case isn't very useful since we cannot change the subpartitioning with any
partition management commands in this version.

CREATE TABLE t1 (a date)

This is more useful and the name of the subpartitions will be sp0 and sp1.

Now to even more tricky parts. What if a table created with all defaults has
partitions added to it.


Assume that the table already had all defaults this would mean that we had 1
partition and add another. So from now on we don't have default number of
partitions anymore so the table is the same as if created by

CREATE TABLE t1 (a int)
Thus partitions and their names are still default but not the name.

If we do instead

In this case we have specified one new partition and we have even specified its
name and thus we don't use defaults anymore. Thus the table is now the same
as if created with:

CREATE TABLE t1 (a int)

For partitioned tables using NDB as the storage engine (MySQL Cluster) the
default number of partitions will be equal to the number of nodes in the
cluster, except when MAX_ROWS has been set very high when it can be set
higher, to a multiple of the number of nodes in the cluster.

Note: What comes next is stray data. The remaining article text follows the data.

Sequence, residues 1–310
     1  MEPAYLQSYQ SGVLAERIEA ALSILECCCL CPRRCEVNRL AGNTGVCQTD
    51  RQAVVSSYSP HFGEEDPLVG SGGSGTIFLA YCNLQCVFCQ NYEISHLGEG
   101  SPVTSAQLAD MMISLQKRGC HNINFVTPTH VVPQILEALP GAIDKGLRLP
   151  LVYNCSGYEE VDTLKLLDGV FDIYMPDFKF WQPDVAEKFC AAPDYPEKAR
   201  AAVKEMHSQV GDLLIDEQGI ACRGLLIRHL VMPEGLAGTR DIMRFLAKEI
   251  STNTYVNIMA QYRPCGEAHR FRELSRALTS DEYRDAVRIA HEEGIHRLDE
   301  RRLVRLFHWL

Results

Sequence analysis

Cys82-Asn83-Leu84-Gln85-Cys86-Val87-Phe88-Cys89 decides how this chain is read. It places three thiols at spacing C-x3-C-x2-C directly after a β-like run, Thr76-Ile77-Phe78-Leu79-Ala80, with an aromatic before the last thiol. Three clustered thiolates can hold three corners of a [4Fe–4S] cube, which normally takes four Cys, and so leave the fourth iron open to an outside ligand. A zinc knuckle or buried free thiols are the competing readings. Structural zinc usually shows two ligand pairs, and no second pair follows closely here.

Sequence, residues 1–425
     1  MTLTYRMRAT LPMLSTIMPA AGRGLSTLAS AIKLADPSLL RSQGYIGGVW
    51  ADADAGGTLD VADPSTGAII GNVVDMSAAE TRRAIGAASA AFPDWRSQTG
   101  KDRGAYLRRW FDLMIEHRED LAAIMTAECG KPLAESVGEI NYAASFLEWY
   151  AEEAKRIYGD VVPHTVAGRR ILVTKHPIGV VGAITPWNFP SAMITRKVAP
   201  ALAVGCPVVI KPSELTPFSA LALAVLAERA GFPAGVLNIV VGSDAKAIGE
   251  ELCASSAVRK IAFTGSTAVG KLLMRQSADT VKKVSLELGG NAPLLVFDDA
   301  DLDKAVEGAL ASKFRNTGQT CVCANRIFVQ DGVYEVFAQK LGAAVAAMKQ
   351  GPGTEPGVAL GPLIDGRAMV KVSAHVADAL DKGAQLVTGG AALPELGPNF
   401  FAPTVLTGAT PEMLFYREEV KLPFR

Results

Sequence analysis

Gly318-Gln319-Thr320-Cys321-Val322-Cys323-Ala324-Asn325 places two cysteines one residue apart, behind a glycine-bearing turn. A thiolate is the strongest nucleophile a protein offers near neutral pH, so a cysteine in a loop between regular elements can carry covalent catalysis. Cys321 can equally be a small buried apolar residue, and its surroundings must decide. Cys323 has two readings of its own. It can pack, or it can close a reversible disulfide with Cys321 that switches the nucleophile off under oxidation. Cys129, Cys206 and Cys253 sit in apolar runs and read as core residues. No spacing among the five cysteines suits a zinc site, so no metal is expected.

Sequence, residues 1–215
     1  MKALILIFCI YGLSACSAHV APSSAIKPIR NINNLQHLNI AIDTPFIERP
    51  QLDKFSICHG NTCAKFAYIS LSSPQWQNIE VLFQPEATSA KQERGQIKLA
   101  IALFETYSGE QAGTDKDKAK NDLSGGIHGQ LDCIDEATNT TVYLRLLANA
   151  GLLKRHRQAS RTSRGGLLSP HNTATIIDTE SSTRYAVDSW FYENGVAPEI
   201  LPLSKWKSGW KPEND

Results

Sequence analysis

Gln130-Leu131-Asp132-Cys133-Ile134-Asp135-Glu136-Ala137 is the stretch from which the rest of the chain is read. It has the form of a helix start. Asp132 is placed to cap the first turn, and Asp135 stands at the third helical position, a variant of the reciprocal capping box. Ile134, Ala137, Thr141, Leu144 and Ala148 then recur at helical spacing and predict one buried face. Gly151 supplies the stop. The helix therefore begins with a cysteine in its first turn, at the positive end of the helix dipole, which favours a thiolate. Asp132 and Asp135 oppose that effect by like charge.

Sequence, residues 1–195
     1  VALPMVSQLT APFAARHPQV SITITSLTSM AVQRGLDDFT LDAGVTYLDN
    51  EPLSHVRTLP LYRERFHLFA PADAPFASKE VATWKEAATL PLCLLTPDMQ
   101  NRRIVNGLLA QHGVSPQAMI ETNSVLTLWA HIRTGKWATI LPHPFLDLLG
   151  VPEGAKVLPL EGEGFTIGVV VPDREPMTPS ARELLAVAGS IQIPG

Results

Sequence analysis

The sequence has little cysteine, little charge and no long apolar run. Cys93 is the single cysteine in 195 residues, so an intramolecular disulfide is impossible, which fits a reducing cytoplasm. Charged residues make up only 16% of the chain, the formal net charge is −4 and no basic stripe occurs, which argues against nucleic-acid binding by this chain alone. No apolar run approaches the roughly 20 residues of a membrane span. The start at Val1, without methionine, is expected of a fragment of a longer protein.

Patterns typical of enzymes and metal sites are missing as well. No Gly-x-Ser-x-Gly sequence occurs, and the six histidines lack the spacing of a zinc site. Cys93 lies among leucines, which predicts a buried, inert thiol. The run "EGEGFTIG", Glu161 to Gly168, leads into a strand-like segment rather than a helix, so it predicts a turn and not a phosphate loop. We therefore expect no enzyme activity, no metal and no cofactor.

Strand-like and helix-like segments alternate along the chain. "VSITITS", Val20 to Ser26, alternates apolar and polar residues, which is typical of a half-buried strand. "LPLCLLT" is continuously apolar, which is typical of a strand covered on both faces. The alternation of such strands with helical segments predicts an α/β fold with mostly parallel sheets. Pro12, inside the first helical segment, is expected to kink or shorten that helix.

Tuesday, October 18, 2005

Key parameters for MySQL Cluster

Two parameters that you want to keep track of for MySQL Cluster is:

If this is set to 1 you get very fast SELECT COUNT(*) but most other
queries become much slower. So if your normal query scenario is
primary key lookups then set this parameter to 0. It can have a
radical effect on performance. This parameter exists in 4.1 and

This parameter is introduced in 5.0 and if set enables condition pushdown.
As an example if one does a query like:
SELECT * FROM t1 WHERE name LIKE %adam;
Then the LIKE expression can be pushed down to the data node and be evaluated
in parallel for much higher execution speed.

So both those parameters can give radical performance effect in certain query types.

Monday, October 17, 2005

Partitioning on non-PK field

An interesting comment from Timo mentioned that he wanted to have
partitioning made on a non-PK field. The problem with this is that it
requires a global index on PK to be able to support the primary key
constraint on the table. Global indexes on partitioned tables will not
be supported in version 5.1.